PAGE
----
401(k) Managed Accounts Are a Solution to Financial Security, Not a “Threat”
Advisor Perspectives welcomes guest contributions. The views presented here do not necessarily represent those of Advisor Perspectives.
I always find it odd when a financial advisor writes an article questioning the value of financial advice. This usually happens when the advice under question deviates slightly from what that advisor offers. I’m picking up on some of this in a recent article by Brian Allen titled, “The Threat of Managed Accounts for Plan Advisors.”
It misses the mark, starting with the title.
Let’s define some terms. “Managed accounts” means different things in different domains. Within a 401(k) context, managed accounts could be better described as a robo-advisor, providing guidance on optimal portfolio risk levels, fund allocations, savings, retirement age, as well as other ancillary services such as when to claim Social Security retirement benefits.
The primary method of engagement with managed accounts is typically online, although most solutions offer call centers and some even offer access to on-site and/or local advisors. There are differences in the scope of services offered by managed-accounts providers and across recordkeepers, but they tend to be relatively similar among the largest managed-accounts companies, such as Financial Engines, Morningstar (my employer), Fidelity and Guided Choice.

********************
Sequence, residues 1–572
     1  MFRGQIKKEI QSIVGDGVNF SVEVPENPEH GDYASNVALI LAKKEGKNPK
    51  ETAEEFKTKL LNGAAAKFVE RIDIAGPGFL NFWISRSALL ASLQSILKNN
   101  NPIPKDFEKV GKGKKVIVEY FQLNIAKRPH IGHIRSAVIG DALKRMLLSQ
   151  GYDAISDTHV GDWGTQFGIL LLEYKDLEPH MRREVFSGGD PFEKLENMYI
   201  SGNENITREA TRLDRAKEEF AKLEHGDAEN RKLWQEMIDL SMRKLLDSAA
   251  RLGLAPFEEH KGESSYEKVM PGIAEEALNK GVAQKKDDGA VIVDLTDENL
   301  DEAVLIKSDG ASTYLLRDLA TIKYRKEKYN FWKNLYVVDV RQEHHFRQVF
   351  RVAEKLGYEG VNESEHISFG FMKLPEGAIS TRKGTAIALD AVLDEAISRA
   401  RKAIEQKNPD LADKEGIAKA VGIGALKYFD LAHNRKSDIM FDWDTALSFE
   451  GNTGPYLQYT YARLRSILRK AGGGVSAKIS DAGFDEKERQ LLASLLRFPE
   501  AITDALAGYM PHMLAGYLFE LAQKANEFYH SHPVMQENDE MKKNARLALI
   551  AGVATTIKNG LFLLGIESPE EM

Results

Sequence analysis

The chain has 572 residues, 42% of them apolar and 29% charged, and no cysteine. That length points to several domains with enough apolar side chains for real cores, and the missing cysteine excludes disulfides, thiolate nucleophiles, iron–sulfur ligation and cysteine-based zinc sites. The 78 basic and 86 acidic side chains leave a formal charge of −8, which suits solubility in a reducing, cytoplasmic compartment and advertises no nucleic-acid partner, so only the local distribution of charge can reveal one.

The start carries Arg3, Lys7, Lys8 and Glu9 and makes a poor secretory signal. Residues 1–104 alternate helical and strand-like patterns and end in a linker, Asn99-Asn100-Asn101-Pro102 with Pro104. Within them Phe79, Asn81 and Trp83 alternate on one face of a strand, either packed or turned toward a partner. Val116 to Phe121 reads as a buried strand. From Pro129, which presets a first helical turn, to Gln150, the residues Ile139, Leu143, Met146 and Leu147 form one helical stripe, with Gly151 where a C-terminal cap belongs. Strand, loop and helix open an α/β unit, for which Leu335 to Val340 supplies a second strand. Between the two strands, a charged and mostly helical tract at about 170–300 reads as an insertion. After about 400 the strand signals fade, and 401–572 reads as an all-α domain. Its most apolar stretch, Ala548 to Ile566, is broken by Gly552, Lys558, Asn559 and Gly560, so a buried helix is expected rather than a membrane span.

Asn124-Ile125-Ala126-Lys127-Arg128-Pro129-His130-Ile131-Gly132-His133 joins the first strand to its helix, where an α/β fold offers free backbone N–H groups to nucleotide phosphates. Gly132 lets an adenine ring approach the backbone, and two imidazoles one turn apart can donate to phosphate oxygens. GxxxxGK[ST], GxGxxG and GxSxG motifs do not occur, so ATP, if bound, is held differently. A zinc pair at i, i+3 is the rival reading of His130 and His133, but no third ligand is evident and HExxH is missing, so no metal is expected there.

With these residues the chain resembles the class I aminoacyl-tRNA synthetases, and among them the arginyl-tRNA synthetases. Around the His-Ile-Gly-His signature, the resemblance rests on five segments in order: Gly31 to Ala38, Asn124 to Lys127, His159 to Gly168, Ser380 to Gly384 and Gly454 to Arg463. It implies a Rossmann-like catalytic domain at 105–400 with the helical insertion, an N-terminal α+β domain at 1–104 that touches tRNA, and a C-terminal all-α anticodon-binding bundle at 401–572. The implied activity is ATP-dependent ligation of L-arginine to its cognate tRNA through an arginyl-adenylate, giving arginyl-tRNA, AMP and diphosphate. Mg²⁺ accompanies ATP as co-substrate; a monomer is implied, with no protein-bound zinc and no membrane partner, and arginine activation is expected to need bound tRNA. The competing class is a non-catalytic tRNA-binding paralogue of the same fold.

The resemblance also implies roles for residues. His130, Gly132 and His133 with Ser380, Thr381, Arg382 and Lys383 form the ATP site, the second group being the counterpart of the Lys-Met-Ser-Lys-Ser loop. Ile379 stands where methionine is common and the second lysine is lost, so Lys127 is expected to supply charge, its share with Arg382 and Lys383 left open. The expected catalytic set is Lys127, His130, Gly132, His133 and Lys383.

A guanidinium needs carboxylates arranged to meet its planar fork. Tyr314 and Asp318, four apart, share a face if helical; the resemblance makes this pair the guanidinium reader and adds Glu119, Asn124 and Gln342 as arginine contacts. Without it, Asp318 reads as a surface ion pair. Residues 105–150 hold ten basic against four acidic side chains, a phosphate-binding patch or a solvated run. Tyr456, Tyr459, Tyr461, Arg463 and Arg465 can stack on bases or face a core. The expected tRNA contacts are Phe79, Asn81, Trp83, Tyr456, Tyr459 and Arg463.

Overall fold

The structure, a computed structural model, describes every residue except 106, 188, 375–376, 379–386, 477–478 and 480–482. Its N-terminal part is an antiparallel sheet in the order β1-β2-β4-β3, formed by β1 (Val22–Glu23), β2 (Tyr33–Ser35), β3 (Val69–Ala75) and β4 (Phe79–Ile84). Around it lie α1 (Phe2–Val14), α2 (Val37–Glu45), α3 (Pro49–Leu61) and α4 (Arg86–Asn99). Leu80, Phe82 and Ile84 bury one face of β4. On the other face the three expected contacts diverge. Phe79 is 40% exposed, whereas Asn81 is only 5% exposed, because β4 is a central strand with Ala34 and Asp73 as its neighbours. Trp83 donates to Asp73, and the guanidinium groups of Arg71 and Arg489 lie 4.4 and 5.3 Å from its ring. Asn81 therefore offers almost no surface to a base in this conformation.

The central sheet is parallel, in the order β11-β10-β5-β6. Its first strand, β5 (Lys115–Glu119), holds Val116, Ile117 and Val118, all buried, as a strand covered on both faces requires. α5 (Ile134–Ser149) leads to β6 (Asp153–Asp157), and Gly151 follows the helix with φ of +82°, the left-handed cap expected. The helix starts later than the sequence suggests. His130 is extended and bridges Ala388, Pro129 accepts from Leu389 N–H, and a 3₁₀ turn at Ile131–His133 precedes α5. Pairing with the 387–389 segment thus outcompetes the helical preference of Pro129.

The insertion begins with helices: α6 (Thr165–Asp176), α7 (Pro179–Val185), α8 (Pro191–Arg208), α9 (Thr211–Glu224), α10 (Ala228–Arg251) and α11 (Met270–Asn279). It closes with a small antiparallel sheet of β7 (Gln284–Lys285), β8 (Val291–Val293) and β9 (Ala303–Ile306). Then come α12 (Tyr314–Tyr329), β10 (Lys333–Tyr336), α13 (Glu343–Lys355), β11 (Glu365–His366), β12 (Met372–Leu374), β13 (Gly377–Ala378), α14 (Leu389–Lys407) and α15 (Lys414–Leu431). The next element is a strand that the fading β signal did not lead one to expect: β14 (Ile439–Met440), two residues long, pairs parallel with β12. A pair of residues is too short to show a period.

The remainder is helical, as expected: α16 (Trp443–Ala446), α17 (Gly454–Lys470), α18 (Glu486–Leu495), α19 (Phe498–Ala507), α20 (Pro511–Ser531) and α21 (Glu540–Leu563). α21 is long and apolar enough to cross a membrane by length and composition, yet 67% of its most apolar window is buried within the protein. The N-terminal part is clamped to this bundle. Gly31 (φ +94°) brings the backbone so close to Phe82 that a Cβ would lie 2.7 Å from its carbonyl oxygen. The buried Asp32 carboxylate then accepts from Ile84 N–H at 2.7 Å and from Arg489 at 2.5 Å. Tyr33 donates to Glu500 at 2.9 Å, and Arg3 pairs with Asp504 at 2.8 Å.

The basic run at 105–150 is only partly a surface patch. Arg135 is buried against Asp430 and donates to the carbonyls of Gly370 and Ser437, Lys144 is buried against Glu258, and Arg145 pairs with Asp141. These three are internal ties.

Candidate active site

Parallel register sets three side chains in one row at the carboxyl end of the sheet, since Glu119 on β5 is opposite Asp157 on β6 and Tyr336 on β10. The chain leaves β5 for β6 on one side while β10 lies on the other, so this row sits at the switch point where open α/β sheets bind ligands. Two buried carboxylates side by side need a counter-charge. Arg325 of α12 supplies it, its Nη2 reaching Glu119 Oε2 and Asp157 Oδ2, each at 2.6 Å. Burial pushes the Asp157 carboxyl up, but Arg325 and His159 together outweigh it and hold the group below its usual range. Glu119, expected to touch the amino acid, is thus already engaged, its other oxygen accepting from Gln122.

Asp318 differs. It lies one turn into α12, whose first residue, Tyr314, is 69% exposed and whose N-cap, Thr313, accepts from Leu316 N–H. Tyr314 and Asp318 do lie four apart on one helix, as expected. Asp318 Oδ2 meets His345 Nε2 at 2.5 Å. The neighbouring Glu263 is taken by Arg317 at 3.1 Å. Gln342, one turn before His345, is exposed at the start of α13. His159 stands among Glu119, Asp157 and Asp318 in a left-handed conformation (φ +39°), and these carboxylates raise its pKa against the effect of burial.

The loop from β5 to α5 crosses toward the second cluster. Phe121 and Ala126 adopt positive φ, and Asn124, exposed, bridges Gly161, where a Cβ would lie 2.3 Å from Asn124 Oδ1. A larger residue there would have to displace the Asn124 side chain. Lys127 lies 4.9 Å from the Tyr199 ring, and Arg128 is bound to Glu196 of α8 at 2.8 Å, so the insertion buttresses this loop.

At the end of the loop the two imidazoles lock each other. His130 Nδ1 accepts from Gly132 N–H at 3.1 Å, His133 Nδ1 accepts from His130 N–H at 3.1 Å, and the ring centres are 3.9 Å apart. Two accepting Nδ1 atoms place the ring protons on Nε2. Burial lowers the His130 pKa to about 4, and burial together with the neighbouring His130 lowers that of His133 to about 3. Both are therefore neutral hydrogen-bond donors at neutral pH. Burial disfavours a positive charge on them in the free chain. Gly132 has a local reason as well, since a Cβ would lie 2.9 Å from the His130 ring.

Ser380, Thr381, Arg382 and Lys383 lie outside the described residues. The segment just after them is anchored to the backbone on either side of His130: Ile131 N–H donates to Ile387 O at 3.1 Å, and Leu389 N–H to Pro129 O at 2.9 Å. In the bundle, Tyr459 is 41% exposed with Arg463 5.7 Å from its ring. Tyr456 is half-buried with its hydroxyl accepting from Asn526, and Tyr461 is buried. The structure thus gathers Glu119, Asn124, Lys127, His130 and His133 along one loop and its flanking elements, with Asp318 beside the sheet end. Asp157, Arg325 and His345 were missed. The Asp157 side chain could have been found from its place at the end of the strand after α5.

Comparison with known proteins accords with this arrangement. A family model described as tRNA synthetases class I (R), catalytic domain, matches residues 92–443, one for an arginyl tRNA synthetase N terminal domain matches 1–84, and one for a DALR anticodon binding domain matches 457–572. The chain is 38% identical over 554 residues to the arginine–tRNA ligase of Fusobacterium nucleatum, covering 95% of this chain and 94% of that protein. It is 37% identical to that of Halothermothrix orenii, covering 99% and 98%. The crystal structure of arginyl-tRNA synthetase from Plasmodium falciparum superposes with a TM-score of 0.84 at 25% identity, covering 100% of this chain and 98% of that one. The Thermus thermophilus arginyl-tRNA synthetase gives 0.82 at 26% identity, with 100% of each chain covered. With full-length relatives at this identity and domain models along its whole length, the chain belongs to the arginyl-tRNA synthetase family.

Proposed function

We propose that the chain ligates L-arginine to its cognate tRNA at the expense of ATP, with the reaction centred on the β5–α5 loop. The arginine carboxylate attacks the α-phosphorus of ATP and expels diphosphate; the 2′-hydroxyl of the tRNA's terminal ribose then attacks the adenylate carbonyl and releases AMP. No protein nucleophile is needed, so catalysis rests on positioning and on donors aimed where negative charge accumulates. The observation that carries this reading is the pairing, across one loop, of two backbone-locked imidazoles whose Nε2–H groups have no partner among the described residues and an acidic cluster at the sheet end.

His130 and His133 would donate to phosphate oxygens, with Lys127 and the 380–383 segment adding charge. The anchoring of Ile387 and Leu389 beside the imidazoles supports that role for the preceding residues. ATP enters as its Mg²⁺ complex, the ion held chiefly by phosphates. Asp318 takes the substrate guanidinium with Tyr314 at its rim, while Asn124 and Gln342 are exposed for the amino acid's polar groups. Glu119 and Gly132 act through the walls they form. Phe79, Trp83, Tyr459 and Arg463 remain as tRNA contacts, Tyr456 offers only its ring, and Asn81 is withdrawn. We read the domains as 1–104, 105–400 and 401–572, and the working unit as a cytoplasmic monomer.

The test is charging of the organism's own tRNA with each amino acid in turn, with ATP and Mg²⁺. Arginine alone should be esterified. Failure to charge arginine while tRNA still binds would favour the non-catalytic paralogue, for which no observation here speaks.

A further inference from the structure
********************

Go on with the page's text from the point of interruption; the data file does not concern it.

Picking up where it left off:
Allen suggests that managed accounts “compete” with robo-advisors in 401(k) plans. This is incorrect. Managed accounts is the predominant robo-advisor in the 401(k) space. In fact, managed accounts should probably be considered the original robo-advisor, since it has been available for more than two decades, well before the recent growth and availability of robos in the retail space.
Attacking the potential value of robo-advisors is a fundamentally an attack on the value of financial advice and financial planning (i.e., helping households achieve financial goals). I am a strong believer in the value of advice (and advisors) and there’s lots of ways to deliver it. Robo-advisors aren’t the only solution, but they definitely fit within a larger ecosystem of tools that can help people accomplish their goals.